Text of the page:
MMTC was able to cite numerous platform planks in party platforms since 1980 that addressed the issue of diversity of media ownership in one way or another – and laments the fact that the issue is absent from both planks this year.
It can’t be because at long last the issue has been resolved, because nothing could be further from the truth – the fact is that the numbers are going in the wrong direction.
According to MMTC’s Jacqueline Clary, the first broadcast license was awarded in 1909. It took another 40 years for a license to go to a minority-owned entity. Likewise, she says, the first minority-owned license for a television station wasn’t awarded until 1973.
The result has been a regimen of “structural discrimination” that has the minority community starting out decades behind the mainstream, and often left with slim pickings in terms of quality licensed facilities.
The issue was a feature of party platforms, usually but not always on the Democratic side, and the Democratic Party had a pledge to work toward greater diversity of ownership during the 2008 election. But this year – nothing.
Clary wrote, “Why should you and your candidate for public office care about this issue? Three reasons: (1) demographics are shifting toward a majority-minority U.S. population, (2) the exclusionary broadcast pattern is repeating in emerging industries, and (3) the FCC is facilitating a massive shift in spectrum licensing to move spectrum from broadcasters to telecommunications services in the next few years. We cannot afford to have minority-owned businesses locked out of the telecom industry.”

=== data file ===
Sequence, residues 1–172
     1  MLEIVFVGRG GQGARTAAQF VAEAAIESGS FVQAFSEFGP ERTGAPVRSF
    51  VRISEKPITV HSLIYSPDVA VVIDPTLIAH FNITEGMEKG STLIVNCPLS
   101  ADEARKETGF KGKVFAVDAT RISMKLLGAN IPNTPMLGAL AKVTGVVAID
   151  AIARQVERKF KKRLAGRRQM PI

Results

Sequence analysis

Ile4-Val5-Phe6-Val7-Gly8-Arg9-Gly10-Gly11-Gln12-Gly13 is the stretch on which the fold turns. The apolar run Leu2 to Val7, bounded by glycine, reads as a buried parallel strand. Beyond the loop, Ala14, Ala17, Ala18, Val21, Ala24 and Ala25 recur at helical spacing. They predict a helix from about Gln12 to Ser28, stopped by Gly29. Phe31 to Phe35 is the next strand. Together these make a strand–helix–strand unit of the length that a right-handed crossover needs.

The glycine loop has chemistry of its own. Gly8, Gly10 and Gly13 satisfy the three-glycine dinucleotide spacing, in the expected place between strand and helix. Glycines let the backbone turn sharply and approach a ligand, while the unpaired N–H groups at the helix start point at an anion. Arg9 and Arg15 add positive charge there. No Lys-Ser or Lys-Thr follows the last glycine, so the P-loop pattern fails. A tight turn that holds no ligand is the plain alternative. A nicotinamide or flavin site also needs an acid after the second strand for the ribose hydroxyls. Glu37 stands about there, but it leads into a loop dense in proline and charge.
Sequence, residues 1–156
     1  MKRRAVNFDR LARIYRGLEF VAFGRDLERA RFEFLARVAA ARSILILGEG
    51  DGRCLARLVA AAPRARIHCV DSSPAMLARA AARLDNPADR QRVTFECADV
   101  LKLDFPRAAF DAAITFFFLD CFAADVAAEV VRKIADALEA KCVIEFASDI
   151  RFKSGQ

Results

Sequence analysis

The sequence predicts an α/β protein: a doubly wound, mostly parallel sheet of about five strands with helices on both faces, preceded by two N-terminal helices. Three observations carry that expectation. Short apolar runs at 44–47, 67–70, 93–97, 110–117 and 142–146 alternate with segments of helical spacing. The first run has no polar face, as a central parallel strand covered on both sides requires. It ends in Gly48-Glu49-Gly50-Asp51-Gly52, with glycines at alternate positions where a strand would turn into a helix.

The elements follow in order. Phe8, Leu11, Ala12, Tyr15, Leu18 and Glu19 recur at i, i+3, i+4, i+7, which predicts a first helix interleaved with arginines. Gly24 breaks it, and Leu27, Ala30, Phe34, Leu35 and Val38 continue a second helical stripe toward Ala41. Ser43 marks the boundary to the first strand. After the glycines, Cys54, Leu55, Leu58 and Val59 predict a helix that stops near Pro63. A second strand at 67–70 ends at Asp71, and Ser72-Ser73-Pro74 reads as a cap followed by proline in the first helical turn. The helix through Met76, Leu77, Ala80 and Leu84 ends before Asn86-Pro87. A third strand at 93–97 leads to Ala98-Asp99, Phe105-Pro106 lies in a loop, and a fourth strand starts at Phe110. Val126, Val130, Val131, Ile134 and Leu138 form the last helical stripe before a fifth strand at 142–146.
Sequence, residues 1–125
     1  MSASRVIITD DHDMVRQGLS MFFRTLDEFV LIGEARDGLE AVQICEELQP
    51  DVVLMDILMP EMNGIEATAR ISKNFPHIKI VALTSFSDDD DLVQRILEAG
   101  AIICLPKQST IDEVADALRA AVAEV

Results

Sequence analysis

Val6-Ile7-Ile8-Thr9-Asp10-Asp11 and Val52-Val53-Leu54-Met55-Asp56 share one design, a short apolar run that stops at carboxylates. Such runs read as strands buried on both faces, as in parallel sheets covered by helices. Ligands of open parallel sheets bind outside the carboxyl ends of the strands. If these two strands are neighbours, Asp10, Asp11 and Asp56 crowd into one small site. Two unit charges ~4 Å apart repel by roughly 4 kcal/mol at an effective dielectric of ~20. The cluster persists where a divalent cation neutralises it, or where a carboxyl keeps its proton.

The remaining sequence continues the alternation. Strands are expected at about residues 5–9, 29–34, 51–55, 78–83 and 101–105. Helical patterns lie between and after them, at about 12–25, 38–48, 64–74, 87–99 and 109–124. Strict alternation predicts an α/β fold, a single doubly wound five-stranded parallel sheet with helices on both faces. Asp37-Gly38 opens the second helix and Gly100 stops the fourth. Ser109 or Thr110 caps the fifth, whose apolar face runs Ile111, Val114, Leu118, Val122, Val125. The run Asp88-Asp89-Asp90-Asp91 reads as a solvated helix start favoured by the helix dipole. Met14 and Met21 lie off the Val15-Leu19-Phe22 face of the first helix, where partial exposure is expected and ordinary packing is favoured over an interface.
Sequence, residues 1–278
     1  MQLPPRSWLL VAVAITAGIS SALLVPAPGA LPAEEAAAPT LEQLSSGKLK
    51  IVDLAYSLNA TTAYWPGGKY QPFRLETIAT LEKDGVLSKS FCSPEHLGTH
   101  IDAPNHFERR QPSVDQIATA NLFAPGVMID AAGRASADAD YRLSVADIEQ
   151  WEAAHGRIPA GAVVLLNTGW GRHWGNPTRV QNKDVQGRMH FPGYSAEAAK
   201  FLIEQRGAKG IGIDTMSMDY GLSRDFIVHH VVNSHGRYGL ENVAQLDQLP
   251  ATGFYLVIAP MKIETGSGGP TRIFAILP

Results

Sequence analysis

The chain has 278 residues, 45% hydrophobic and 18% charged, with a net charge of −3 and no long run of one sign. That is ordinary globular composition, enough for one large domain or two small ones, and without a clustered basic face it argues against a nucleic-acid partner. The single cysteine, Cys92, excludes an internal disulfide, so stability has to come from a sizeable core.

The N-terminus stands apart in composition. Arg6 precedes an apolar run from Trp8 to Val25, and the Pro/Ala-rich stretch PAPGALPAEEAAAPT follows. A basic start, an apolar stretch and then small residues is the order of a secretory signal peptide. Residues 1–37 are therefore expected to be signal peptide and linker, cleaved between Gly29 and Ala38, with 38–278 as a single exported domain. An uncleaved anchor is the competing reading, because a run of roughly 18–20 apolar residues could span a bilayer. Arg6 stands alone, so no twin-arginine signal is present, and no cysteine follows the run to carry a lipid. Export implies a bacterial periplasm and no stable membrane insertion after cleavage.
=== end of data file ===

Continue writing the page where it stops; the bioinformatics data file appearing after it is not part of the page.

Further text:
Both parties recognize the importance of telecommunications, says Clary, but “skirt around” the diversity issue. She concluded, “Both political parties ought to address this issue before November 6. For its part, the FCC needs to ensure minority ownership is addressed during its incentive auction rulemaking proceeding. If we fail to take this opportunity to include minority inclusion as priorities now, minorities will continue to fall behind in the years ahead – and so will our nation.”
RBR-TVBR observation: The intractable nature of this issue is demonstrated by the fact that even when it has been on a platform, little has been done to forward the cause, often in spite of willing regulators in favor of action. The courts have not helped, making it very difficult to write regulations in such a way that minority entities can be given a leg up when competing in the licensing process, and the abolishment of the tax certificate program, which helped minorities deal for existing stations, was another step backwards.
A number of suggestions from MMTC are likely being considered even as we speak as part of the quadrennial review. It will be very interesting to see if any of them become part of a Notice of Proposed Rulemaking.
Meanwhile, while it’s nice to have a platform plank on diversity, the simple fact is that as hot as some broadcast issues can get from time to time, including the Michael Powell 2003 dereg attempt and the indecency brouhaha kicked up by Janet Jackson, they never ever figure meaningfully in presidential politics. So ultimately, we’d be watching the quadrennial a lot more closely than any party platform when it comes to this issue.